A new study of malaria medicine quality in 8 sub-Saharan African countries has found a large and potentially growing market for non-quality-assured (QA) malaria treatments -- medicines not pre-approved by global health organisations - as much as 20% of the private-sector market in Kenya, and 42% in the Democratic Republic of Congo (DRC). As one of the most comprehensive recent studies relating to medicine quality in the region, the findings provide new insights for patients, researchers, policy makers and malaria control programmes because QA status is often linked to the quality of medicines - which can impact patient health and safety, malaria control efforts and artemisinin drug efficacy. The study, conducted in the private and public sectors of Benin, DRC, Kenya, Madagascar, Nigeria, Tanzania, Uganda and Zambia, was published today in a Malaria Journal article titled 'Do anti-malarials in Africa meet quality standards? The market penetration of non-quality assured artemisinin combination therapy in eight African countries'. Researchers measured the availability and market share of medicines not pre-approved under World Health Organization (WHO), Global Fund or European Medicines Agency (EMA) quality assurance programmes. Researchers collected data from 29 malaria medicine outlet surveys and audited more than 330,000 artemisinin-based combination therapies (ACTs) between 2009 and 2015. Based on samples from randomly selected clusters in the 8 countries, in 2014-15, non-QA medicines represented 42% and 27% of the private-sector market in Kinshasa and Katanga, respectively, 20% in Kenya, 19% in Uganda and Benin, 12% in Nigeria, 8% in Zambia and 5% in Tanzania. Moreover, non-QA medicines were available in 48% of private outlets in Nigeria, 38% in Uganda, 21% in Tanzania, 17% in Zambia and 83% and 53% in the Kinshasa and Katanga provinces of the DRC, respectively. In contrast with the private sector, the public-sector market share of non-QA medicines in 2014-15 was generally smaller - 6% in Nigeria, 5% in Kenya, and about 1% in Benin, Madagascar, Tanzania and Uganda. Due to limited regulatory capacities in many malaria-endemic countries, public health officials look to pre-approval status to help ensure medicine quality. Although approval status alone does not guarantee the safety of a medicine - in fact, non-QA treatments can be safe and effective in some cases - it does provide a strong, evidence-based indication of quality, the article states. Poor quality antimalarials include falsified medicines - or those produced fraudulently - and substandard medicines, which were improperly manufactured or have degraded over time. "These findings really improve our ability to understand the complex problem of medicine quality in Africa", said co-author Dr Megan Littrell, Principal Investigator at the ACTwatch project, which led the research collaboration. 'Although the data focus on quality-assurance status, it's hugely beneficial to know where non-QA antimalarials are most prevalent, particularly in countries with the highest malaria burdens, so that appropriate interventions can be considered alongside other efforts to tackle poor quality medicines". In addition to showing substantial market penetration and availability of non-QA antimalarials, the study states that most countries showed an increase in the private-sector market share of non-QA medicines between 2009 and 2015. The greatest increase occurred in Kenya and Kinshasa, where the market share approximately doubled, from 19% and 11% in 2009 to 42% and 20% in 2014-15, respectively. The public-sector non-QA market share mostly decreased during this time, except in Kenya, Kinshasa (DRC) and Zambia where the non-QA market share shifted from 1%, 1% and less than 1% in 2009, respectively, to 5%, 18% and 32% in 2014-15. "Non-QA antimalarials clearly have a strong market penetration across Africa, and these findings should help inform policy responses", said Professor Paul Newton, a co-author of the article and Head of the Medicine Quality Group at the Infectious Diseases Data Observatory (IDDO). "However, we have also found numerous differences on the ground, so we must tailor our strategies for removing these medicines accordingly, by improving regulation, aligning national registration medicine lists with global standards, enhancing access to QA antimalarials and providing more support for manufacturers to ensure that their products are all quality assured. Frequent monitoring of the available antimalarials should be conducted to understand what patients are taking and the quality of the medications". The article, which included co-authors from the London School of Hygiene and Tropical Medicine, also found that diverse generics and formulations were available, but typically imported and distributed in urban areas at either pharmacies or drug stores. In countries such as Nigeria, over 90 unique manufacturers were found to be supplying non-QA medicines. In most cases, the private sector is the most common source of treatments, at for-profit health facilities, pharmacies, drug stores, general retailers, and mobile providers. However, patients also receive medicines from public-sector outlets, such as hospitals, clinics and other facilities. The WorldWide Antimalarial Resistance Network is a research partnership that provides comprehensive, timely, quality-assured evidence to help track the emergence and spread of malaria drug resistance, and improve the efficacy of existing antimalarial medicines and new drugs in development. This collaboration of research experts provides valuable evidence to help save more lives and support the global effort to control, eliminate and eventually eradicate malaria. The WWARN Antimalarial Quality (AQ) Surveyor helps to respond to some of the critical gaps in information. This mapping tool delivers customised summaries of published reports of antimalarial medicine quality across regions and over time. WWARN is a constituent organisation of the recently launched Infectious Diseases Data Observatory (IDDO), which takes a similar model to a range of devastating tropical and neglected illnesses, including Ebola. For further information, please visit http://www. (link is external) and http://www. (link is external). ACTwatch is a multi-country research project implemented by Population Services International (PSI). Launched in 2008 with funding from the Bill and Melinda Gates Foundation and with additional funding from UNITAID and the DFID, ACTwatch is designed to provide timely, relevant, and high-quality antimalarial and malaria diagnostic testing market intelligence. ACTwatch is implemented in 13 countries and employs standardized tools and approaches to provide comparable data across countries and over time. Research methods implemented include outlet and household surveys, supply chain studies, key informant interviews, and, in selected countries, a module to document private-sector fever case management practices using observation and client exit interviews. Since 2008, ACtwatch has implemented 50 outlet surveys, screened over 360,000 public- and private-sector outlets, and audited more than 400,000 antimalarials. Population Services International (PSI) is a global non-profit organization focused on the encouragement of healthy behaviour and affordability of health products. PSI was founded in 1970 to improve reproductive health using commercial marketing strategies and has expanded to work in over 50 countries in the areas of malaria, family planning, HIV, diarrhoea, pneumonia and sanitation. PSI has active malaria control programs in more than 35 countries worldwide, helping national ministries of health to scale up proven interventions, and sustain coverage over time. PSI focuses on a variety of interventions to improve availability, affordability and use of effective malaria prevention, diagnosis and treatment. These interventions include the delivery of long-lasting insecticidal treated nets (LLINs), artemisinin-based combination therapies (ACTs), rapid diagnostic tests (RDTs), strategic behaviour change communications and applied operational research. In 2015 alone, PSI delivered over 44 million LLINs, 11 million courses of ACT, and 9 million RDTs through public and private sectors. PSI also supports global malaria elimination goals by implementing test, treat and track strategies and strengthening national surveillance of malaria.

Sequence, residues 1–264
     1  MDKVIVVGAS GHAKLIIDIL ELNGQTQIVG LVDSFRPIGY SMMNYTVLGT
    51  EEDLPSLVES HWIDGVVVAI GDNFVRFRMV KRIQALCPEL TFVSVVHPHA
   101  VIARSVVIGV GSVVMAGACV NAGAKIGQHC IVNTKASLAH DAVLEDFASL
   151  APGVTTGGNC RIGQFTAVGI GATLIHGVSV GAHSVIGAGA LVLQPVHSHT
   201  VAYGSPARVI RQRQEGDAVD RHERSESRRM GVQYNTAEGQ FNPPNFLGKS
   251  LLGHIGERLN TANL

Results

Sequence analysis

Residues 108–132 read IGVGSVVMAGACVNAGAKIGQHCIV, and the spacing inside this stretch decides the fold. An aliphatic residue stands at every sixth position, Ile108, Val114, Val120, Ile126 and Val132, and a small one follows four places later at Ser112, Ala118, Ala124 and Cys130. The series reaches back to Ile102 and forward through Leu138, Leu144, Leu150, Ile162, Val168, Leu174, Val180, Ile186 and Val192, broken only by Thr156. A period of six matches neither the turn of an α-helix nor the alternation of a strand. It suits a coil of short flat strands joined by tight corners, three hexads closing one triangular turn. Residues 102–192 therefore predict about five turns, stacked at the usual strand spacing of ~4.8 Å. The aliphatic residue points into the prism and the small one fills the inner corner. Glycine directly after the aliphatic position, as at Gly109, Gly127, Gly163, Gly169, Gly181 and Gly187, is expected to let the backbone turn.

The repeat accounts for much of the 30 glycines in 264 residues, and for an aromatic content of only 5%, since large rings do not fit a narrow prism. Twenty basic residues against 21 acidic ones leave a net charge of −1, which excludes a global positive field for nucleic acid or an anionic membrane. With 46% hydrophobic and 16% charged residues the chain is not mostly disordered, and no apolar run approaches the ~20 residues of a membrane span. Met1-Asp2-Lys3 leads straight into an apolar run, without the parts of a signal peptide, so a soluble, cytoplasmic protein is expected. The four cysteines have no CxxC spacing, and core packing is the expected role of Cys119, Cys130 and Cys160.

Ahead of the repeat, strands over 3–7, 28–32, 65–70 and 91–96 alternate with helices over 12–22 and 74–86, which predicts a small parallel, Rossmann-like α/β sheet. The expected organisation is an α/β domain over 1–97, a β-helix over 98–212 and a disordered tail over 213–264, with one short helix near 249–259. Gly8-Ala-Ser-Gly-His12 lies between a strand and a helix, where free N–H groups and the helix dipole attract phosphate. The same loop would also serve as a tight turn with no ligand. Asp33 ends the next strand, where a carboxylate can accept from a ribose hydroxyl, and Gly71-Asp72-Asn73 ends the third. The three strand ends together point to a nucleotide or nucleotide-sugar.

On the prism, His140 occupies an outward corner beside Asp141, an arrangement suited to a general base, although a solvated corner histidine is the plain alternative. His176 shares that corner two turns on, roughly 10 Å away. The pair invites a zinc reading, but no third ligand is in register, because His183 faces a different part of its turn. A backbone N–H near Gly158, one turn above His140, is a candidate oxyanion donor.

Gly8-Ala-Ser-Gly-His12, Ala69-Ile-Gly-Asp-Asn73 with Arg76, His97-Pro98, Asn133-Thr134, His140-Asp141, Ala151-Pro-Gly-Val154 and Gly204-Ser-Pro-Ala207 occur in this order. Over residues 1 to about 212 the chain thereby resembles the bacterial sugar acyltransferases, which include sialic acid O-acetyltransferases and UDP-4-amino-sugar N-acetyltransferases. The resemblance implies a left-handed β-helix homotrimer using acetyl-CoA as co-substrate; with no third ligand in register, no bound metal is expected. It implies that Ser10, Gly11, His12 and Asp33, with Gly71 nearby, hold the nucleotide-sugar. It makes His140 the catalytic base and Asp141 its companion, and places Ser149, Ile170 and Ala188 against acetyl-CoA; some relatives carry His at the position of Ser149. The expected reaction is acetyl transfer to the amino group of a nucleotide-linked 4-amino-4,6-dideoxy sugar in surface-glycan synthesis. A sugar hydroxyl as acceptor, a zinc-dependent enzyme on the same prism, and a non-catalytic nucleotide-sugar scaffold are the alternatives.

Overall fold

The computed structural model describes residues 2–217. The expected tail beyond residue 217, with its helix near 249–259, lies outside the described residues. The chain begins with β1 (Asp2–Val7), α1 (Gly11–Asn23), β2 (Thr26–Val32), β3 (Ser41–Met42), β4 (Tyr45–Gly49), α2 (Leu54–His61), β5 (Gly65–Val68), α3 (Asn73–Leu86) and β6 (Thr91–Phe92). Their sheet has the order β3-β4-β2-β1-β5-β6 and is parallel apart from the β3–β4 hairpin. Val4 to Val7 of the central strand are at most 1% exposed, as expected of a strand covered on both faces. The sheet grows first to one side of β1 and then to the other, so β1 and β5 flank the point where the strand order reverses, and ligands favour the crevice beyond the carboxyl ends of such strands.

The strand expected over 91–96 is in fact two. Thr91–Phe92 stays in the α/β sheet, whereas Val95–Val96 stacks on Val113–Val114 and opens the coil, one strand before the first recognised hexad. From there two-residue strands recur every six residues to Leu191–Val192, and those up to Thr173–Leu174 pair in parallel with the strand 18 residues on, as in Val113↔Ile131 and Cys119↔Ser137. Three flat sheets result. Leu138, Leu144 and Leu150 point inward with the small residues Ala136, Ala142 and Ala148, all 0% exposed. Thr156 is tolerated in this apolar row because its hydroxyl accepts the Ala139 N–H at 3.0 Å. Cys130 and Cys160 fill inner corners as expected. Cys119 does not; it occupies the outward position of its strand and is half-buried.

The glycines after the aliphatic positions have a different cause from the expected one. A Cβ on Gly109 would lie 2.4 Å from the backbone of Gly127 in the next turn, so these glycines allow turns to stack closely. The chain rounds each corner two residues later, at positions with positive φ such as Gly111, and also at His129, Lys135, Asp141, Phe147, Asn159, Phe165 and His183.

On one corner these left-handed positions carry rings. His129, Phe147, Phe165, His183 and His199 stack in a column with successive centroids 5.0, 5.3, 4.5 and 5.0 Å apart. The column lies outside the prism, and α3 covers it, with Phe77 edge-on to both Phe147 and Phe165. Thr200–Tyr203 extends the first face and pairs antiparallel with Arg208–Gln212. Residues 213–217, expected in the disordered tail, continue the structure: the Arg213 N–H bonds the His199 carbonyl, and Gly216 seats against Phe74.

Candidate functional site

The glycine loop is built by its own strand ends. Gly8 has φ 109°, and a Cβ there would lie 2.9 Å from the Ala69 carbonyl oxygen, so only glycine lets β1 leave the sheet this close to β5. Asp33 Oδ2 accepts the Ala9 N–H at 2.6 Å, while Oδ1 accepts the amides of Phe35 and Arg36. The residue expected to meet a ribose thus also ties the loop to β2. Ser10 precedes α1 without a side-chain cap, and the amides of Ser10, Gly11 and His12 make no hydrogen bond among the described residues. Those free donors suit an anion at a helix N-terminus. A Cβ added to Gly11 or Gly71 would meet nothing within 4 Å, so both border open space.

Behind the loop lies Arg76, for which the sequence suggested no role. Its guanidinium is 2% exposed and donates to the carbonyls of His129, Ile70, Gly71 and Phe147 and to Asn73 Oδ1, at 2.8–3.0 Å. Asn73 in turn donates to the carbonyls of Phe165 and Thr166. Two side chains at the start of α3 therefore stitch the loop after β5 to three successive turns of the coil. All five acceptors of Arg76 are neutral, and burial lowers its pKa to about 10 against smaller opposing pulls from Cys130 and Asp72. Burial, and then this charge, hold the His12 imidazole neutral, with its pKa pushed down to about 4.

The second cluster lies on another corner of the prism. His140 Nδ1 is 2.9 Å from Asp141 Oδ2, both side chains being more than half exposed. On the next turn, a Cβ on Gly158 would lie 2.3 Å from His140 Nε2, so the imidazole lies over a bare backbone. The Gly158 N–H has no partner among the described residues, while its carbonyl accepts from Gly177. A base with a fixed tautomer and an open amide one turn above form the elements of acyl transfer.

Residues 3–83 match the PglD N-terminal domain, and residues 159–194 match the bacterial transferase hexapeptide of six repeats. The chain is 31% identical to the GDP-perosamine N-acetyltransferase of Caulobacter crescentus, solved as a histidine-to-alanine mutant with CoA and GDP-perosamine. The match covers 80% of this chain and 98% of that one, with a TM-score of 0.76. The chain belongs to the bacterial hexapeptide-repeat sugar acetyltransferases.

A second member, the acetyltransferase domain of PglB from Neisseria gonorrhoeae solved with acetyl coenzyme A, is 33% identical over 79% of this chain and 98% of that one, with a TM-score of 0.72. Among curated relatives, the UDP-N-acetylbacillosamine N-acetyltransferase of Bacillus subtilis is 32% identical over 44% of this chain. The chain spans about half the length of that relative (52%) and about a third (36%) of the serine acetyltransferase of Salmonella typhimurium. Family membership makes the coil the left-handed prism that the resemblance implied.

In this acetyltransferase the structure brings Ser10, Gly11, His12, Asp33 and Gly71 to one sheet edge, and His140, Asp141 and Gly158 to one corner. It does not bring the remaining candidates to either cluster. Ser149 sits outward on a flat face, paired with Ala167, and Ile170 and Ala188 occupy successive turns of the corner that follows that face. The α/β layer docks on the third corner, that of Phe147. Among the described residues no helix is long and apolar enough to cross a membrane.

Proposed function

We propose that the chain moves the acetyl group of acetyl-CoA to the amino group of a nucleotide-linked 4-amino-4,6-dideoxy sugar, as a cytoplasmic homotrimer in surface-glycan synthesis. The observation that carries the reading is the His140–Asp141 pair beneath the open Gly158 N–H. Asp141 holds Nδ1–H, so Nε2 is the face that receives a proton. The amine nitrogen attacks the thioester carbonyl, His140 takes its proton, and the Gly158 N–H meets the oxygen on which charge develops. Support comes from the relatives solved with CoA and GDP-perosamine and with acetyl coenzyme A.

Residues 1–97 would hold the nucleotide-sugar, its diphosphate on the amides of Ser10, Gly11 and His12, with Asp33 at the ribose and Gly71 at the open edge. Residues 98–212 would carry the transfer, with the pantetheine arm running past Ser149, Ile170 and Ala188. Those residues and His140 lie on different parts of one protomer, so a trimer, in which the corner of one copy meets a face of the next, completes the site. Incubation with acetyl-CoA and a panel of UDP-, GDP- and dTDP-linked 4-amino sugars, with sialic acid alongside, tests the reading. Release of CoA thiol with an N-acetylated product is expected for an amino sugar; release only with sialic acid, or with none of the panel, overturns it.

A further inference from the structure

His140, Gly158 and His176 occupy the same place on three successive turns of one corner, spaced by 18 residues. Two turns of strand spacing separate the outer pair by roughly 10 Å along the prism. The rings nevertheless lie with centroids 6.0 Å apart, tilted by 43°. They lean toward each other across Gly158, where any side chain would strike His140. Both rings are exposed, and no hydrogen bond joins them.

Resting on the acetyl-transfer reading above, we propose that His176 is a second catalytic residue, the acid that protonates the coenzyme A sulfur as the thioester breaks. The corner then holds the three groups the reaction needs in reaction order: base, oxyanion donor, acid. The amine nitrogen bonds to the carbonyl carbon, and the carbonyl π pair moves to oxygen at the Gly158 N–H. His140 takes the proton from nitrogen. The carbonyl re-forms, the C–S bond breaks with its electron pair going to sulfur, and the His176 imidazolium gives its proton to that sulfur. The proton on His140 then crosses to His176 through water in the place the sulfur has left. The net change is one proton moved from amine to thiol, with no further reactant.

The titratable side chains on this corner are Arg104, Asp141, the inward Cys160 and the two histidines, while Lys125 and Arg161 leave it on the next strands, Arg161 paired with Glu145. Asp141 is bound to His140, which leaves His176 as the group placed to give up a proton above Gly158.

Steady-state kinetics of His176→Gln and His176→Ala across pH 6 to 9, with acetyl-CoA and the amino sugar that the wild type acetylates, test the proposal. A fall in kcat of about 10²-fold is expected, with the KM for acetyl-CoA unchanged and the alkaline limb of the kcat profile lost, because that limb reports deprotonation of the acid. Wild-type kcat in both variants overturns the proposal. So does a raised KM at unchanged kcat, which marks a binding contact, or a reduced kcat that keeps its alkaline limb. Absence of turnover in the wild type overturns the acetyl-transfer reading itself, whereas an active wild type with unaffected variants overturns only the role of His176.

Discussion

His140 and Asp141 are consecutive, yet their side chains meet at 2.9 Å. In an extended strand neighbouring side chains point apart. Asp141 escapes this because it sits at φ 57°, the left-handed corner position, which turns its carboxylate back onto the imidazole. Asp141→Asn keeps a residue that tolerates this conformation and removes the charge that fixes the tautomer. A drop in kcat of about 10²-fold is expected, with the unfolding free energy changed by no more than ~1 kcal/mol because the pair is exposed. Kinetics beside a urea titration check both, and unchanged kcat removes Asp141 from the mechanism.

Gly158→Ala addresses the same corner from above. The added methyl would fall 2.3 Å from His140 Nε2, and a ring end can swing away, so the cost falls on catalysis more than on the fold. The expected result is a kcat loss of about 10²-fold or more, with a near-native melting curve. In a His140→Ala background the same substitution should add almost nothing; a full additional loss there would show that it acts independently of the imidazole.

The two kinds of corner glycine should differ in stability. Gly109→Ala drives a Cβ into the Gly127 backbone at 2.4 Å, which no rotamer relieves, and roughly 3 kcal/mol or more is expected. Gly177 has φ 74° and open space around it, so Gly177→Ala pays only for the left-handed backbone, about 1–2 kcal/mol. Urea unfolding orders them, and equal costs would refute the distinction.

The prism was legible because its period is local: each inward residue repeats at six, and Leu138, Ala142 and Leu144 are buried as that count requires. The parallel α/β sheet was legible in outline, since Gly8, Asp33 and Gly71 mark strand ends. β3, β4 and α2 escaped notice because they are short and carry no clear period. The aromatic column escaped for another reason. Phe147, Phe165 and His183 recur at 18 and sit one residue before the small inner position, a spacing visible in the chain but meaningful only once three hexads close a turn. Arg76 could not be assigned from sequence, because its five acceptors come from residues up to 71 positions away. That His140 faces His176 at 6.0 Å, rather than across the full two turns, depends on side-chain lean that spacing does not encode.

News Article | May 24, 2017